Ever wonder why some consultants can bill out their time at $10k/day while others struggle to get to $1k?

On the surface, one might assume that the difference is experience, reputation, or industry.  And while a particular track record of success helps charge a premium, I’ve found that – beyond a point – it plays less of a role than you’d think.

Instead, I’ve found that how you (and your client) think about what your client is buying is the most significant factor in determining your pay. 

If you’re in the services business, you’re ultimately selling one of three things: 

  1. Time 

This is a payment-for-service-rendered situation.  Customers want a half-day workshop, you deliver it, and they pay you for your time. Fairly transactional in a crowded market.

  • “Secret Sauce”

They’re buying your specific model or approach.  You’re still selling a half-day workshop, but they’re likely paying a premium because they want something that you uniquely have to offer.

  1. Impact 

They want a specific outcome and believe you can help them achieve it. The “half-day workshop” isn’t the point; the expected outcome is. In fact, if you could give them the same outcome and skip the workshop, they’d likely prefer that even if you charged them double.

Here’s how we tend to think about this: 

Selling                             Time                        →    “Secret Sauce”                     →    Impact

Focus is on                     You (your time)              You (your model)                        Them (their outcome)

Revenue Potential        $ (commodity)               $$ (expense)                               $$$$ (investment)

Limitations                     Your time                        Their budget                               Their goals


There are two key distinctions as you move from left to right on this model:

Where the focus lies

Simply put, is the focus on you – your time, your secret sauce, or on them – their goals, fears, and desired outcomes?

Before you say “them! Always them!”, ask yourself – is it really?  Look at your proposal language & structure – how many words are about them vs you? What about your sales calls – how much time are they talking vs you? Are your programs designed around content delivery or outcome getting? Does your website focus on their pains or your solution?  You get the idea.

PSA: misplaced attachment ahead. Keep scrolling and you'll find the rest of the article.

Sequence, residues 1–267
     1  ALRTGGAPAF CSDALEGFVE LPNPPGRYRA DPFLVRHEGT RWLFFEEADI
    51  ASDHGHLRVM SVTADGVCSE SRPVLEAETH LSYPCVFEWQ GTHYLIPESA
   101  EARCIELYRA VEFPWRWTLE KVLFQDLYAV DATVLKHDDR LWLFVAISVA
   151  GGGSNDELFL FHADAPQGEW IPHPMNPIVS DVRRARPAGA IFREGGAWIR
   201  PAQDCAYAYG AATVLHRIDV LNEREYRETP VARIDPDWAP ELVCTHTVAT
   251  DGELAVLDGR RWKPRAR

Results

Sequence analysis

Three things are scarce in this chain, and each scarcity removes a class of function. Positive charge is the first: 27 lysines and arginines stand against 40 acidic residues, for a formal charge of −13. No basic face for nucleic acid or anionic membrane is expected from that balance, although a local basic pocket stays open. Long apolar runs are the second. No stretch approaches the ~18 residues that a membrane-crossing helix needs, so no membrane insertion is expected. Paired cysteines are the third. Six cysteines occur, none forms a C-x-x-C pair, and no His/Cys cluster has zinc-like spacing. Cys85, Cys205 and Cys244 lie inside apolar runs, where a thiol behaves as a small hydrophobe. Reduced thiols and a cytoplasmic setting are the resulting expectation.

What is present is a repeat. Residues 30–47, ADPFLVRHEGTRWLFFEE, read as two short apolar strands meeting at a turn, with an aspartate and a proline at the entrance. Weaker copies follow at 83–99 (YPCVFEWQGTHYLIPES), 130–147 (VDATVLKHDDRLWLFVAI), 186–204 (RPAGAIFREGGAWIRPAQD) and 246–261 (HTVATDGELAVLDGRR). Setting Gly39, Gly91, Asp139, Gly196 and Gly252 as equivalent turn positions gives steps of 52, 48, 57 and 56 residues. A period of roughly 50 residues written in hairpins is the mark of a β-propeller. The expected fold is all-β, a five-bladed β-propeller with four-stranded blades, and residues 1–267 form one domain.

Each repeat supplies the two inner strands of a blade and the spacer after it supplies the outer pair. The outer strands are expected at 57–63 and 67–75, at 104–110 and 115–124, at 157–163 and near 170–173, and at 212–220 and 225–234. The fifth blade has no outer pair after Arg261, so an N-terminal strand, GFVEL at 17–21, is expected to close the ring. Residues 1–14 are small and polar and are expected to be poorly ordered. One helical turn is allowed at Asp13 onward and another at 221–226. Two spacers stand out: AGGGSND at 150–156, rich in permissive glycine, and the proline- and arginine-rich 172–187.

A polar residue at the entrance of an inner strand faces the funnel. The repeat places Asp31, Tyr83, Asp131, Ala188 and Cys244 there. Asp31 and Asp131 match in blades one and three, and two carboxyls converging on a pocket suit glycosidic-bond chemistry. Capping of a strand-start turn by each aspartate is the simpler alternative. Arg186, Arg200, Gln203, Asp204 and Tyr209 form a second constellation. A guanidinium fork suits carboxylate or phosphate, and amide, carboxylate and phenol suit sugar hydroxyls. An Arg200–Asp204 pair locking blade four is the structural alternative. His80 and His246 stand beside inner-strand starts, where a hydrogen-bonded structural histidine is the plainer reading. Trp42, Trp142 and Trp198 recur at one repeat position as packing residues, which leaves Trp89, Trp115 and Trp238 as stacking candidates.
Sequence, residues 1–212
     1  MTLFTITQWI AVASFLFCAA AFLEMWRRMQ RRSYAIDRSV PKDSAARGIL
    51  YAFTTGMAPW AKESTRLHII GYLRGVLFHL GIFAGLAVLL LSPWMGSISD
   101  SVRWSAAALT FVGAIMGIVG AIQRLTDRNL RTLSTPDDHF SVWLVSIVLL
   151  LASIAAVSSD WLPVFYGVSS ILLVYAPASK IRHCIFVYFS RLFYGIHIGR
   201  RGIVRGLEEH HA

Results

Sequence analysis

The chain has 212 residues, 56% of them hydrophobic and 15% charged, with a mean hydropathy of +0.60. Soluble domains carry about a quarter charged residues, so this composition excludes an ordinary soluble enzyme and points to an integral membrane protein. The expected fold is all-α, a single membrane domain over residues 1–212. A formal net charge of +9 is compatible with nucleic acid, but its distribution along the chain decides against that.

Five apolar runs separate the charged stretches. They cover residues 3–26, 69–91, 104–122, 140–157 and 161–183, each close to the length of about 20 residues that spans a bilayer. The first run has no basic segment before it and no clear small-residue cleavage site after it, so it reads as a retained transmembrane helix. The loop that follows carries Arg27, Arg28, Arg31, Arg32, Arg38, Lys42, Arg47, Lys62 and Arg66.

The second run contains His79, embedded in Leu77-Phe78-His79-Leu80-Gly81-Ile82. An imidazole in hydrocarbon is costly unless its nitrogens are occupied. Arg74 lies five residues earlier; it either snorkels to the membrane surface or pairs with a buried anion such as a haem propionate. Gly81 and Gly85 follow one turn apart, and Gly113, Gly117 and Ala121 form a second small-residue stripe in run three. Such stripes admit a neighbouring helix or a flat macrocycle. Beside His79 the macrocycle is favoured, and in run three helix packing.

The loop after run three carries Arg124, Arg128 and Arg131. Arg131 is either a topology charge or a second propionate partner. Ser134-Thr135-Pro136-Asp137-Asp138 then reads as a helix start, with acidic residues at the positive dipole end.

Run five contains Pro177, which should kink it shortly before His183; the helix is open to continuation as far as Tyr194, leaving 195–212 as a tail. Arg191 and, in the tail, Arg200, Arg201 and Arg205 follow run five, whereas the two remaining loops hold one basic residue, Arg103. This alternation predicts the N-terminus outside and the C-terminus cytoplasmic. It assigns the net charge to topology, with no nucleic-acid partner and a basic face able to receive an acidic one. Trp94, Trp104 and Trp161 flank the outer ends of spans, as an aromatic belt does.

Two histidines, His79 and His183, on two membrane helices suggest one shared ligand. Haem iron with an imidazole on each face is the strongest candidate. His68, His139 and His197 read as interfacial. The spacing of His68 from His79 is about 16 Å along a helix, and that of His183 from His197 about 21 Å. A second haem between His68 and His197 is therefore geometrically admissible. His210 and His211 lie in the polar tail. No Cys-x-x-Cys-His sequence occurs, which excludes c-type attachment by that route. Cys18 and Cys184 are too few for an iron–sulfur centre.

The limitations on the scope of engagement

This is the big idea: Ultimately, a client’s willingness to invest in your services is limited by something.  

For most consultants, the scope of engagement will be limited by logistics (your availability or their budget). You can certainly charge a premium for a well-defined “secret sauce” that only you can deliver, but your program will still be constrained by a predefined training budget.

If you are firmly entrenched in your client’s mind as a vehicle for achieving their goals – and their goals have a financial gain associated with them – you unlock a completely different revenue potential.  Like our friend Jayson did.


The exception to all of this is celebrity. Simon Sinek gets paid whatever he wants to charge, mainly because he’s Simon Sinek. So, delivering a hit TED Talk, writing an international bestseller, and building an audience of millions of followers is another way to increase your rates… but then again, there are a whole lot more Jaysons out there than Simons.

So, dig a little deeper and ask yourself:

What are you selling?

What do you want to be selling?

What’s one thing you could do this week to start to close the gap? 


Download the free Proposal Conversion Amplifier Workbook for a practical, step by step guide on how to craft training proposals that convert.